by Staff Writers
Sao Paulo (AFP) April 27, 2012
Brazil's main farming association will open an office in Beijing next year to attract investment and boost exports to the Chinese market, the group said Friday.
Brazilian Confederation of Agriculture and Livestock (CNA) president Senator Katia Abreu, who is visiting China this week, said the office would be inaugurated in partnership with the Brazilian Trade and Investment Promotion Agency.
Abreu's visit is aimed at boosting bilateral cooperation in the farming sector for logistics, infrastructure and research.
"China's investments in ports and logistics in general will allow Brazil's agricultural products to reach the Chinese market at lower prices," CNA quoted Abreu as saying.
She met with China's Vice Minister of Agriculture Zhang Yuxiang on Wednesday.
China is Brazil's largest trading partner in the farming sector, importing $14.6 billion of agricultural products from the country last year.
The two sides also discussed prospects for increased Chinese investment in the Brazilian forestry sector.
A CNA statement said Abreu assured her hosts that Brazil's new forestry code, adopted by the Brazilian Congress this week, would provide legal guarantees for Chinese investment in forestry and other agricultural activities.
The new code, which must be approved by President Dilma Rousseff, would allow landowners to cultivate riverbanks and hillsides that were previously exempt, and would provide amnesty from fines for illegally clearing trees before July 2008.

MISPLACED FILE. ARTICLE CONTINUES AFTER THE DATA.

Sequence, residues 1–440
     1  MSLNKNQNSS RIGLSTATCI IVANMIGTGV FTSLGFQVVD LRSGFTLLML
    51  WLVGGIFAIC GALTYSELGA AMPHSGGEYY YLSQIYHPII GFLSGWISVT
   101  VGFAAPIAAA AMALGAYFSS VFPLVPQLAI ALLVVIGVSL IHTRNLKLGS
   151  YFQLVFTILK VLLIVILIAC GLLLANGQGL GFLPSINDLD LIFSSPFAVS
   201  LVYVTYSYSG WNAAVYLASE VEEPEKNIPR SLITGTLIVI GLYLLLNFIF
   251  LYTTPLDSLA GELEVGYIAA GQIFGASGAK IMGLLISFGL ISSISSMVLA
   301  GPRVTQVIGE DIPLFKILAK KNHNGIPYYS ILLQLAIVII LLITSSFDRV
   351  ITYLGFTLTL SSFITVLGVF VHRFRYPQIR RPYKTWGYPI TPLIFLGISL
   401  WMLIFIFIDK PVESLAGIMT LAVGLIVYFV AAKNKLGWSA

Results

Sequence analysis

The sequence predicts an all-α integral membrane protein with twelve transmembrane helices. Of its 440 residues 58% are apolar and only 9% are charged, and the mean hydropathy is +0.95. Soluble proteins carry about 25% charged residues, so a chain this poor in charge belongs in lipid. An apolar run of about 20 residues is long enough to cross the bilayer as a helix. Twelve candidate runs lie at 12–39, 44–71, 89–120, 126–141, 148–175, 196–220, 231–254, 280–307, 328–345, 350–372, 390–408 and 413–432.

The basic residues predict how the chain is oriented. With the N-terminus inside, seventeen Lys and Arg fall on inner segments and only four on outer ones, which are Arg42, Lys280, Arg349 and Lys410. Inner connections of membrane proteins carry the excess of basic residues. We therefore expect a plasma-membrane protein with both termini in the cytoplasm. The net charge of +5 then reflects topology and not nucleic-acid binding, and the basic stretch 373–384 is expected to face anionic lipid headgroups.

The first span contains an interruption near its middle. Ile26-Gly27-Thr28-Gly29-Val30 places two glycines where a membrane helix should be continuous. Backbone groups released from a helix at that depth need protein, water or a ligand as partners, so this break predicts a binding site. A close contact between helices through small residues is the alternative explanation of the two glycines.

Brazilian farmers, whose industry represent more than five percent of GDP, argue that the existing legislation is confused, putting economic development at risk and costing valuable investment.
But Rousseff is under intense pressure from environmentalists to veto the new code amid fears that loosening the severe environmental restrictions under current law would speed up deforestation of the Brazilian rainforest.
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Autumn advantage for invasive plants in eastern United States
Syracuse, NY (SPX) Apr 27, 2012
Much like the fabled tortoise and the hare, the competition between native and invasive plants growing in deciduous forests in the Eastern United States is all about how the plants cross the finish line in autumn. A new study by a Syracuse University biologist has found that the leaves of invasive plants continue to function in the fall, long after their native cousins have hunkered down f ... read more
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